At some point in a couple’s relationship, they may feel, for any number of reasons, that their sex life isn’t as satisfying as it could be. Sexual problems are so prevalent, that nearly two-thirds of all men and women will experience them at some time during their lives.
Common sexual problems include:
- One partner desiring sex more than the other partner
- Inability to communicate what turns each other on
- Experiencing pain during intercourse
- Allowing outside stressors to interfere with our ability to become sexually aroused
- One partner desiring a style of sex that the other partner is uncomfortable with
- Orgasmic difficulties
When sex interferes with your relationship
Bob and Annette are in their early 50s, married for three years, and sleeping in separate bedrooms. They haven’t had sex for over six months. They are suffering from both marital and sexual problems that are separate and interrelated. Dara and Ken are newlyweds in their early 20s. Both are sexually inexperienced and having difficulties making love due to this. Their sexual problems have affected their relationship, and they are both overwhelmed with disappointment, guilt, and anxiety. Lucia and Bruce are working parents with two young children. Although they love each other and their life, they find little or no time for romance or intimacy. They haven’t made love for several months. Bruce is angry with Lucia and feels she pays more attention to the children than to him. Lucia tells Bruce he is selfish and has no idea how difficult her life is. These are a few examples of the circumstances that threaten to derail otherwise healthy unions, and ultimately bring couples into counseling with sexual issues.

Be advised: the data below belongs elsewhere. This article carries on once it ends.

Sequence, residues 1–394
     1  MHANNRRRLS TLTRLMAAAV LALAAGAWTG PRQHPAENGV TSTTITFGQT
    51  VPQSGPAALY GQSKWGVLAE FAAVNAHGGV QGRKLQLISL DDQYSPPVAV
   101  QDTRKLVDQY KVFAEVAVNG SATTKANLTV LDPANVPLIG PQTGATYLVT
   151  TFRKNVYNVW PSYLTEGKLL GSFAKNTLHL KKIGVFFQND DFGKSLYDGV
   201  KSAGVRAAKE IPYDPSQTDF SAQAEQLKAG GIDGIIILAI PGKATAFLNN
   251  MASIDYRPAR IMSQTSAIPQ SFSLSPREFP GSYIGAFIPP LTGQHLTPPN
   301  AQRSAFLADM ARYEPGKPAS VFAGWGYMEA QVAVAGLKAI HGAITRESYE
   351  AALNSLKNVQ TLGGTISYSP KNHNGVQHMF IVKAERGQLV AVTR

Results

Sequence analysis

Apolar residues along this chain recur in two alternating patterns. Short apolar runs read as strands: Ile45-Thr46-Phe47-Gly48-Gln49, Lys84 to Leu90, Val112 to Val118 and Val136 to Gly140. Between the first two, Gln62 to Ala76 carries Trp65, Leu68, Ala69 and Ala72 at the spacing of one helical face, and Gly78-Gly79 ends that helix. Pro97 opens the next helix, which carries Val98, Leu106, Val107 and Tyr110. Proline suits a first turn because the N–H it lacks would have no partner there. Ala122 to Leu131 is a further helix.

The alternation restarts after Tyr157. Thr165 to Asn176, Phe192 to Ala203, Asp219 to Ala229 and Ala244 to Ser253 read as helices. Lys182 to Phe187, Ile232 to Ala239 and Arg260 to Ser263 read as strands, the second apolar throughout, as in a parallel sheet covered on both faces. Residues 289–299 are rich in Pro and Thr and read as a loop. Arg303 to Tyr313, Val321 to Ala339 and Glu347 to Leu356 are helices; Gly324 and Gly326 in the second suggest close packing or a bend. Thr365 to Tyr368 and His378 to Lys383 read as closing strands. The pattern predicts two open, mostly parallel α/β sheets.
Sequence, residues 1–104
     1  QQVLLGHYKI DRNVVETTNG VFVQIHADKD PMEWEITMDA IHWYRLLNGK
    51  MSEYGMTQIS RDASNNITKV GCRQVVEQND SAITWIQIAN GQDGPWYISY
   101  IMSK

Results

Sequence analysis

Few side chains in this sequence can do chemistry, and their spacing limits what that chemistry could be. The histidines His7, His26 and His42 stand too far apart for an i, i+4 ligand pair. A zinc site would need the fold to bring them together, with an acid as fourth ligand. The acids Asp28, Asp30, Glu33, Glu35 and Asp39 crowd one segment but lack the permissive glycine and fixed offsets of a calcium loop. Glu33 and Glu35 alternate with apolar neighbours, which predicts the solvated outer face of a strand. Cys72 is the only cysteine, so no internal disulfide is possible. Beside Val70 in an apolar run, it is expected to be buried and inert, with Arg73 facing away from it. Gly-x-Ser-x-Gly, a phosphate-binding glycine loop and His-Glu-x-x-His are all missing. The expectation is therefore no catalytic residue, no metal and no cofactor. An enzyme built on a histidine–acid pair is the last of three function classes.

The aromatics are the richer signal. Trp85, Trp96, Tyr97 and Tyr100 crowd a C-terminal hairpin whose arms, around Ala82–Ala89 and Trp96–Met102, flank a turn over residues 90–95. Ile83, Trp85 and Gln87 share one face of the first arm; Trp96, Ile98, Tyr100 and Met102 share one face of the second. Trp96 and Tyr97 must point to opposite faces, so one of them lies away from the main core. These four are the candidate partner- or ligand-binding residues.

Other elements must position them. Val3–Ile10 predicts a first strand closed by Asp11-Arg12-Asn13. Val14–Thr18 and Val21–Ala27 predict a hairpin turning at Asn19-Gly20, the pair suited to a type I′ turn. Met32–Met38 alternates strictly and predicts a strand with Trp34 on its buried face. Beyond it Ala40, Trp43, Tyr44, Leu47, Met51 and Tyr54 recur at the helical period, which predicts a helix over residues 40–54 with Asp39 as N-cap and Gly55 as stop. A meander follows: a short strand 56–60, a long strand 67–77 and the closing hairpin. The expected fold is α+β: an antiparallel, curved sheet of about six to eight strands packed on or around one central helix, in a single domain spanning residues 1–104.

Sexual problems need not damage your relationship. Working together we will create a plan to improve your sex life. My approach includes:
It’s important to remember that everyone’s sex life is individual and there is no objective standard every woman or man needs to meet. If your sex life works for you and your partner, then you should not worry about what everyone else is doing. If, however, you feel dissatisfied with your sex life, in any way, you may want to consider exploring the causes.
Assessment – Exploring the causes
Are your sexual issues a by-product of other problems in the relationship, or are they purely sexual or technical in nature? Once these answers are discovered we will create a plan to change and improve the way in which you relate sexually.
Education: Mars & Venus
Men and women tend to define and experience sex in different yet interrelated ways. Women’s sexual response tends to be a complex blend of emotional and physical stimuli. It is ultimately a way to feel more intimately involved with their partner. Men tend to be less comfortable with intimacy and more at ease expressing themselves sexually. It’s their way of feeling close and connected.
How past messages can affect our sex life
We are greatly affected by the early messages we received from our family, our religion and our culture. From a very young age, we are bombarded with images and notions of what our bodies look like and how we act sexuality. To truly enjoy sex, we may need to free ourselves of preconceived ideas about beauty and sex and learn what feels good to us and what we enjoy. Together we will discuss and explore your feeling about sexuality, teasing out any issues that could be holding you back from experiencing great sex with your partner.
Create a recovery plan
Our consultation time is used as a living laboratory, a place where we can explore different styles, interventions and techniques. It’s time to make a conscious decision to recommit to each other and move sex higher on the priority list. Get creative with your sex life. Find new ways to put some fun, energy and excitement into your relationship. Give yourself permission to explore each other’s fantasies any way you can. Communicate, play, have fun and be creative.